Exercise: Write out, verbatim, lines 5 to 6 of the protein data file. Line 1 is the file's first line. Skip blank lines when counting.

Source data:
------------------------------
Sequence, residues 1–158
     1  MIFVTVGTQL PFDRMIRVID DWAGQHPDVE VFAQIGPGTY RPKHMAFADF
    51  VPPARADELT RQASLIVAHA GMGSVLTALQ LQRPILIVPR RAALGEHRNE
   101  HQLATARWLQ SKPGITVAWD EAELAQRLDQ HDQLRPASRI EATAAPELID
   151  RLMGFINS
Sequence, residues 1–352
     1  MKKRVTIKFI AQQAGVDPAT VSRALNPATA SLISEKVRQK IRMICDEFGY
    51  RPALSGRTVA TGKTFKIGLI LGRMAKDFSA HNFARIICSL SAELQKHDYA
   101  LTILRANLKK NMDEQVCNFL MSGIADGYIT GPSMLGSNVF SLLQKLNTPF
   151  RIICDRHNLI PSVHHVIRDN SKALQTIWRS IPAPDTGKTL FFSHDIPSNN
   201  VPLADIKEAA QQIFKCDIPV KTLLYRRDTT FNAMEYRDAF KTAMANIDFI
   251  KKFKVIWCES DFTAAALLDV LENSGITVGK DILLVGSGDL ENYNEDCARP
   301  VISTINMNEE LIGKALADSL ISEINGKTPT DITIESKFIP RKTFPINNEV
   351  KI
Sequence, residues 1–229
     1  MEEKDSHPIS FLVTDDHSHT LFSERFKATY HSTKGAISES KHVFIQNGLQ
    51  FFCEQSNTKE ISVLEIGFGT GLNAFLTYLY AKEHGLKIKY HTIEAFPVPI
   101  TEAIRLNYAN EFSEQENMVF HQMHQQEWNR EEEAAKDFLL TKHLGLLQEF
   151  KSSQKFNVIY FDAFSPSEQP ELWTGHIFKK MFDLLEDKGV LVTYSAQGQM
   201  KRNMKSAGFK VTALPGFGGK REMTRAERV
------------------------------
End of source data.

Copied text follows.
   151  RLMGFINS
Sequence, residues 1–352